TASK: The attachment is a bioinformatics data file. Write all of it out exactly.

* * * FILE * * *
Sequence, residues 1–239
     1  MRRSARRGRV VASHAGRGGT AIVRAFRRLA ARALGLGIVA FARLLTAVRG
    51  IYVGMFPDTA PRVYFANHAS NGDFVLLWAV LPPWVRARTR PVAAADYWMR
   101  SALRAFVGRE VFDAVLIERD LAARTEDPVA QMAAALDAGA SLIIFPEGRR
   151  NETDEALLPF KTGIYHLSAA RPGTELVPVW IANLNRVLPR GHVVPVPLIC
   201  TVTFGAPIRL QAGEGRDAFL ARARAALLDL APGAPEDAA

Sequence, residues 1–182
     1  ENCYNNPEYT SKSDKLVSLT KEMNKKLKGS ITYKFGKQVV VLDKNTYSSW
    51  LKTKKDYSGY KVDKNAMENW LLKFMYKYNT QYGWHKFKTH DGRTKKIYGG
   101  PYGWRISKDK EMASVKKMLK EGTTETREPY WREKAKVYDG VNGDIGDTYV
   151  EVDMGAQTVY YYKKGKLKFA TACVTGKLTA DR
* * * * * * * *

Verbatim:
Sequence, residues 1–239
     1  MRRSARRGRV VASHAGRGGT AIVRAFRRLA ARALGLGIVA FARLLTAVRG
    51  IYVGMFPDTA PRVYFANHAS NGDFVLLWAV LPPWVRARTR PVAAADYWMR
   101  SALRAFVGRE VFDAVLIERD LAARTEDPVA QMAAALDAGA SLIIFPEGRR
   151  NETDEALLPF KTGIYHLSAA RPGTELVPVW IANLNRVLPR GHVVPVPLIC
   201  TVTFGAPIRL QAGEGRDAFL ARARAALLDL APGAPEDAA

Sequence, residues 1–182
     1  ENCYNNPEYT SKSDKLVSLT KEMNKKLKGS ITYKFGKQVV VLDKNTYSSW
    51  LKTKKDYSGY KVDKNAMENW LLKFMYKYNT QYGWHKFKTH DGRTKKIYGG
   101  PYGWRISKDK EMASVKKMLK EGTTETREPY WREKAKVYDG VNGDIGDTYV
   151  EVDMGAQTVY YYKKGKLKFA TACVTGKLTA DR